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A speech sound (or articulation) disorder is when your child has difficulty making speech sounds. For example, if a child says “dup” when he is trying to say “cup,” this is a problem with speech sounds. Many children with speech disorders are also hard for others to understand.
Children begin building speech skills from birth, then develop sounds over time, and eventually, use all speech sounds correctly. Using the earlier example, it would be fine if a 12-month-old child said “dup” for “cup,” but that would not be expected from a four-year-old child. A child has a speech disorder when they are unable to make sounds that would be expected for their age. Both children and adults can have a speech disorder. It can occur as a result of a medical problem or have no known cause.
How is a Speech Disorder Diagnosed?
Often, parents, family members, caretakers, teachers, or other people close to the child may be worried that a child is not learning correctly or talking the way they should for their age. If you’re worried, it is a good idea to get your child tested. A licensed speech-language pathologist can evaluate or test your child to determine if your child actually has a speech disorder.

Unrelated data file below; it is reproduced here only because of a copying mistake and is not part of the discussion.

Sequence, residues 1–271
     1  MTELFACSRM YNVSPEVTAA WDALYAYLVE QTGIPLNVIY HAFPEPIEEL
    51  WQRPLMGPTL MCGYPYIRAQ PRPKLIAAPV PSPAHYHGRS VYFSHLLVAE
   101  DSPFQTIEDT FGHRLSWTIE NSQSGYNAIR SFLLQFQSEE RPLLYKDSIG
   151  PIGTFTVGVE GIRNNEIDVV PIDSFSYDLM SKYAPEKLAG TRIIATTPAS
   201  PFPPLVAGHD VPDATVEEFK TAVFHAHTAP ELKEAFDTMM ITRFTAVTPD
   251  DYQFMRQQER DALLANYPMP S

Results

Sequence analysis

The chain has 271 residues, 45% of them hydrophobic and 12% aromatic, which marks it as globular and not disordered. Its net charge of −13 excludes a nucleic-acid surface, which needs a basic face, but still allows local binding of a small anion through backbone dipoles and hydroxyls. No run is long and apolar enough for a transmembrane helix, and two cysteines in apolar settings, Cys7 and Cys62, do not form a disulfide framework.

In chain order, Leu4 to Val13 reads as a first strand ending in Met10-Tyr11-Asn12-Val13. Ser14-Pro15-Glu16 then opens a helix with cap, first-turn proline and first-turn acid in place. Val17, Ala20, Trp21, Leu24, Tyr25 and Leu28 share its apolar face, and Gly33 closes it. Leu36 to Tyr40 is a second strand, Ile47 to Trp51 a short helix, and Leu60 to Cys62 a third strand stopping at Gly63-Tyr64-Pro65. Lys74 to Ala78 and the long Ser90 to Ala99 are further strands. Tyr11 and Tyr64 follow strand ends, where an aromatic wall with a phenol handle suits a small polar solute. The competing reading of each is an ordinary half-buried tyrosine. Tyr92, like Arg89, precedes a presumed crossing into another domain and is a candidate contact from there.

How is it Treated?
If your child is diagnosed with a speech disorder, individual and group treatment is offered for children of all ages. Treatment for a speech disorder is always a team effort between caregivers, the clinician, and the child. A clinician will see your child for a limited time each week, so by working with your child at home and completing home carryover activities, you will see your child progress much faster.
The length of treatment depends on various factors, such as the severity of your child’s disorder, how consistent therapy is attended, how well your child is able to participate in therapy activities, and parent involvement with therapy practice at home. Clinicians will regularly discuss your child’s progress with you. If you have any questions, speak with your therapist.